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Good day.

The Maine Legislature returned to Augusta this week with much work to do and the hope of a successful session.

To the person, the men and women in the House of Representatives and the State Senate are dedicated to doing the best they can for the state and the people they represent.

It’s no easy job to serve, and this year promises to be just as challenging as they have been in the past. Members of the Legislature will see their patience and perseverance tested.

I know the feeling of excitement and opportunity that builds among State lawmakers on the eve of their return to Augusta.

For 12 years, I represented my hometown of Bangor in the State Senate. Those were challenging and good times. My colleagues and I were able to accomplish a lot.

I know that today’s Legislature comes to town with those same high hopes and great expectations.

They will be greeted with many difficult questions that will require their full attention and commitment. They will be called upon to put their normal lives – and too often their families and friends – on hold while they get to work away from home.

It’s no easy task. But like my mother used to tell me, she said: “John, you ran for it. You asked for it. Don’t complain about it.”

First of all, on our to-do list, lawmakers will be helping me to close the revenue shortfall of $95 million dollars.

With a lagging national economy, high energy prices and a struggling housing market, Maine revenues haven’t met expectations.

Last month, I took the action to reduce government spending by $38 million for the rest of this year. It is my constitutional duty to ensure that the budget is balanced.

I’ve done that.

That step put us in a stronger position to deal with the changing revenue picture.

Next Wednesday, I will deliver a speech of the State of the State to a joint session of the Senate and the House of Representatives.

In it, I will describe my plans for the State budget and unveil the details of how I think we can best move forward.

No doubt there’s going to be arguments this year about Maine’s priorities. There will be disagreements, some of them heated.

But in the end I am convinced that all of us – Democrat and Republican and Independent – are here for the same reason.

We are here to do what’s in the best interest for Maine and its people.

Democracy is a great conversation where competing ideas vie for support.

Between now and April, the conversation will cover a lot of ground. We’re going to talk about our priorities as a state and the shape and function of state government.

We’re going to talk about how to reduce spending, how to streamline government and how to take care of our most vulnerable citizens while also recognizing the limits of what the State can and can’t do.

We’re going to talk about economic development and job growth and how best to put the resources of the State to work delivering opportunity and prosperity to all of our people.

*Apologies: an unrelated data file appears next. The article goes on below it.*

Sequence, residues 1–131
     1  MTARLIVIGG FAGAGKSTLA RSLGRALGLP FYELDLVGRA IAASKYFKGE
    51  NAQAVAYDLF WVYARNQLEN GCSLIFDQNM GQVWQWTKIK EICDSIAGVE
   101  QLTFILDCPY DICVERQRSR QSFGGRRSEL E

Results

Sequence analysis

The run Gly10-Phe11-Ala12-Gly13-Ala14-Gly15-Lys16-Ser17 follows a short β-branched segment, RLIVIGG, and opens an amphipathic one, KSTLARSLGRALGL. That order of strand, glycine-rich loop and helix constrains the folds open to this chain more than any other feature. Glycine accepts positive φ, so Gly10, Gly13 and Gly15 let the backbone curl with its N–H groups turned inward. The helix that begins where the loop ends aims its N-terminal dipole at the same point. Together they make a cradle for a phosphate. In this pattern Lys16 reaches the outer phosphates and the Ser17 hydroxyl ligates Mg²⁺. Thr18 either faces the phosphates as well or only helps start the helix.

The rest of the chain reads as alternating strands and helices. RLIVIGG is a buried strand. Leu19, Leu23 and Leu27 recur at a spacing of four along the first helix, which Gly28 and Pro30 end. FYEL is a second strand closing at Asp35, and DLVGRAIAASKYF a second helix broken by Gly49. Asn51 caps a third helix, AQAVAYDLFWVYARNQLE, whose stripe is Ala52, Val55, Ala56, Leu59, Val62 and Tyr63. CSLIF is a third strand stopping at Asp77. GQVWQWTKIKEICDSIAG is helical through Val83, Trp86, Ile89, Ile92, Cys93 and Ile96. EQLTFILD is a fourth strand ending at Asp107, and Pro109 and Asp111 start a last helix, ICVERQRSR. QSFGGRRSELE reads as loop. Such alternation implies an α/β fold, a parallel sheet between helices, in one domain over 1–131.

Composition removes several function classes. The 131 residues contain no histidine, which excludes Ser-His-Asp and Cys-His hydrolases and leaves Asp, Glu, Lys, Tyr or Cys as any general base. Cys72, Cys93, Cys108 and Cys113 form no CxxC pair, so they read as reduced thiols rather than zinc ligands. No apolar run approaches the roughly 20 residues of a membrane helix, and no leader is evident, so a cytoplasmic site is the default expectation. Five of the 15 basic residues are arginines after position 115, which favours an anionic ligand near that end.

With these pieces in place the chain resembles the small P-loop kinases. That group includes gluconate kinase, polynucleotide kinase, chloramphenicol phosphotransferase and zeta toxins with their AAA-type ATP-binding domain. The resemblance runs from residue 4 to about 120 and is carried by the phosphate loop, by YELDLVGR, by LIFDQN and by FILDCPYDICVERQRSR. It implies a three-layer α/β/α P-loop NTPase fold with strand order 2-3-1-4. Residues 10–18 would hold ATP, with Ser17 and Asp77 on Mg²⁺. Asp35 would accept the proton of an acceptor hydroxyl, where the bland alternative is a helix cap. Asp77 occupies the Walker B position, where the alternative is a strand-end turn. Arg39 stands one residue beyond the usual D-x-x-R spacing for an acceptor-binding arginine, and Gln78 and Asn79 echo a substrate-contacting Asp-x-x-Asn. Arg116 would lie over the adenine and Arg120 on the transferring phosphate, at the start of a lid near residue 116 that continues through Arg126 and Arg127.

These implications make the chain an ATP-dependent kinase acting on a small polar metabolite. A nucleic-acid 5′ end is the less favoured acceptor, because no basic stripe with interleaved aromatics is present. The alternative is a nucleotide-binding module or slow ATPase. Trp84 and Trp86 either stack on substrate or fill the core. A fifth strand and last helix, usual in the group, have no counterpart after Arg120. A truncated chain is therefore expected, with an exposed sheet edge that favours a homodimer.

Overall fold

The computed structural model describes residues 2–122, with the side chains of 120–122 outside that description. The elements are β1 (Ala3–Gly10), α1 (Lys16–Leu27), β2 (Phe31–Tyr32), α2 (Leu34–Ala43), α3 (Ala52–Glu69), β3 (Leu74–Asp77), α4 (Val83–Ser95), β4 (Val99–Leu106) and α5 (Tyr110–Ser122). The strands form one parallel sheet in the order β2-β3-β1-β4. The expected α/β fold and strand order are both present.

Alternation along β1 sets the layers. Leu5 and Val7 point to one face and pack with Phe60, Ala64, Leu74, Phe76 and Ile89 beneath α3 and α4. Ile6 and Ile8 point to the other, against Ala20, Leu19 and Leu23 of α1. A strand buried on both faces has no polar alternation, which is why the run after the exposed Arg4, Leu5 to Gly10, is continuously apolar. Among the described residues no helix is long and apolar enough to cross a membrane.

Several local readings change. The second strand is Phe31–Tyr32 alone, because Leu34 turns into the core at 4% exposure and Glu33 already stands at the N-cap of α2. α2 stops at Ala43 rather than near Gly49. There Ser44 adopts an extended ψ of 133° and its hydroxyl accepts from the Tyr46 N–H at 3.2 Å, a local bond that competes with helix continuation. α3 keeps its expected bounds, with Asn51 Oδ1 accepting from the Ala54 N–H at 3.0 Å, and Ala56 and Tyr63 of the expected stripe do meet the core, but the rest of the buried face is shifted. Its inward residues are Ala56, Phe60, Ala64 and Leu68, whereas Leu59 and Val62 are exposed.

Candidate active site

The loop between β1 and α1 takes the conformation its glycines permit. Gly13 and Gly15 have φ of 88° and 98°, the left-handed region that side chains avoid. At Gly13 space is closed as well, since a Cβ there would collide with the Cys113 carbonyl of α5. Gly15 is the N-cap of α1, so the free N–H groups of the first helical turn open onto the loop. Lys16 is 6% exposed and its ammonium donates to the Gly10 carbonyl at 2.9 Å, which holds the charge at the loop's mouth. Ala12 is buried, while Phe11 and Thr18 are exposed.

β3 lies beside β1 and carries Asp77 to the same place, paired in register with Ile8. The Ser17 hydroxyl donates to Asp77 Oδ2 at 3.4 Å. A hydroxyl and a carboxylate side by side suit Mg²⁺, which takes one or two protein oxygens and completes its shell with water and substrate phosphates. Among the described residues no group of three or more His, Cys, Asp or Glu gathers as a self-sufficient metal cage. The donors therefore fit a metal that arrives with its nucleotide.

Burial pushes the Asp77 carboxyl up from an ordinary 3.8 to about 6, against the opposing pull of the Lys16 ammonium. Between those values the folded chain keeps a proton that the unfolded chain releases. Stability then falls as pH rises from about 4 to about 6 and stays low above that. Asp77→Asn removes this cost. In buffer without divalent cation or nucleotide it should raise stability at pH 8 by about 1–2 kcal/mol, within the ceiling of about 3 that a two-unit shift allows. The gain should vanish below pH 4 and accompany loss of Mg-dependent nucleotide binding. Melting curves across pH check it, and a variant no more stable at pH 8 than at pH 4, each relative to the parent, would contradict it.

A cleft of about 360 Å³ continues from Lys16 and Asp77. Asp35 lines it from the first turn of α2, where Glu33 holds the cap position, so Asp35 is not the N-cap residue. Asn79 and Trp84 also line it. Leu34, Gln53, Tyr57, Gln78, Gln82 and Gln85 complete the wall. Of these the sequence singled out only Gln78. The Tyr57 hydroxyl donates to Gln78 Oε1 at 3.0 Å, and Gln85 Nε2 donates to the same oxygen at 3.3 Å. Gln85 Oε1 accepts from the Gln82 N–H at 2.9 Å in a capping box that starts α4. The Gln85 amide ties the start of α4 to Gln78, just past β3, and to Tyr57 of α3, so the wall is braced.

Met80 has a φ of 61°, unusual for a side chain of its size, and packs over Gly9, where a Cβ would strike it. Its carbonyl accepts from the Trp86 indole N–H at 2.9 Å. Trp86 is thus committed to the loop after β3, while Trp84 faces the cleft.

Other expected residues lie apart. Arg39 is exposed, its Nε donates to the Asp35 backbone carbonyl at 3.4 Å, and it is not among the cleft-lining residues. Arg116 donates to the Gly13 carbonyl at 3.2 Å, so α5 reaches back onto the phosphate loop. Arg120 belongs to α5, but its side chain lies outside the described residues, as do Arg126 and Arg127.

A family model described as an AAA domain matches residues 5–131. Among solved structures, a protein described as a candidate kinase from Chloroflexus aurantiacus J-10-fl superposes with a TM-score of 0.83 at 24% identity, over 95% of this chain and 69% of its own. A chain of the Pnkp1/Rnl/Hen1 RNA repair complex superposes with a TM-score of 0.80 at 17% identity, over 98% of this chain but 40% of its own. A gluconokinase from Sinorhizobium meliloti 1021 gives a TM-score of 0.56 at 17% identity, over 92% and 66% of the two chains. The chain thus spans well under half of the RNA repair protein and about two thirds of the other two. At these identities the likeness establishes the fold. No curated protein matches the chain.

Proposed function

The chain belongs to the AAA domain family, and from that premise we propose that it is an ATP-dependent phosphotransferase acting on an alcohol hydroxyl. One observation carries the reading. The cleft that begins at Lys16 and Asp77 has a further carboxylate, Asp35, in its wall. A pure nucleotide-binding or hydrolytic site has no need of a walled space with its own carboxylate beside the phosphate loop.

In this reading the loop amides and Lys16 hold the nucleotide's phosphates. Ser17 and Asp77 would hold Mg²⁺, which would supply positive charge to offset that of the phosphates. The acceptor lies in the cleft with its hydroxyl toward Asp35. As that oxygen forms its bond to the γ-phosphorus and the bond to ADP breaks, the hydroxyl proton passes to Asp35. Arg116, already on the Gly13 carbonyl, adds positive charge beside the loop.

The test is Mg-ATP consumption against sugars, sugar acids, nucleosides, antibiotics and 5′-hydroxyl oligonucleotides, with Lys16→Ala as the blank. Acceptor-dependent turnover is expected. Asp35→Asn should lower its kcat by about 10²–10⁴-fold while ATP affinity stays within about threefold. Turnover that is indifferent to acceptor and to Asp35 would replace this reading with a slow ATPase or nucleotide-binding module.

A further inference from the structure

We’re going to talk about K-12 education and college access and about how to best to prepare our children and grand children for a lifetime of success.

And we’re going to make sure that our veterans and servicemen and women are better taken care of when they return home from war.

We’re going to talk about energy and how to wean ourselves from dependency of foreign oil.

And to talk about how we can protect the health and welfare of our people, providing better access to health insurance and to get us away from dangerous toxins that are hidden in everyday products.

It’s going to be complicated at times because of the election-year politics that will entice us with the lure of partisanship.

Thursday, caucus goers in Iowa began the process of choosing a new president. New Hampshire primary voters will follow suit on Tuesday.

In Maine, the entire Legislature will be up for election in November.

The temptation for showmanship and confrontation will be great.

But Maine’s better than that. The passions of November have no place in the policies of January.

We’re sent to Augusta to work together, to solve problems and make Maine a better place to live and work.

In 1961 during his inaugural address, President Kennedy spoke about the necessity of a constructive dialogue with the Soviet Union.

I think his words apply equally to politics in a time of sharp partisan divide.

“So let us begin anew,” Kennedy said, “remembering on both sides that civility is not a sign of weakness, and sincerity is always subject to proof. Let us never negotiate out of fear. But let us never fear to negotiate.”

“Let both sides explore what problems unite us instead of belaboring those problems that divide us.”

With those words, I’d like to welcome the Legislature back to Augusta. Working together, this session holds great promise for Maine, our shared goals of prosperity, opportunity and good health for all of Maine’s people.

Thank you.

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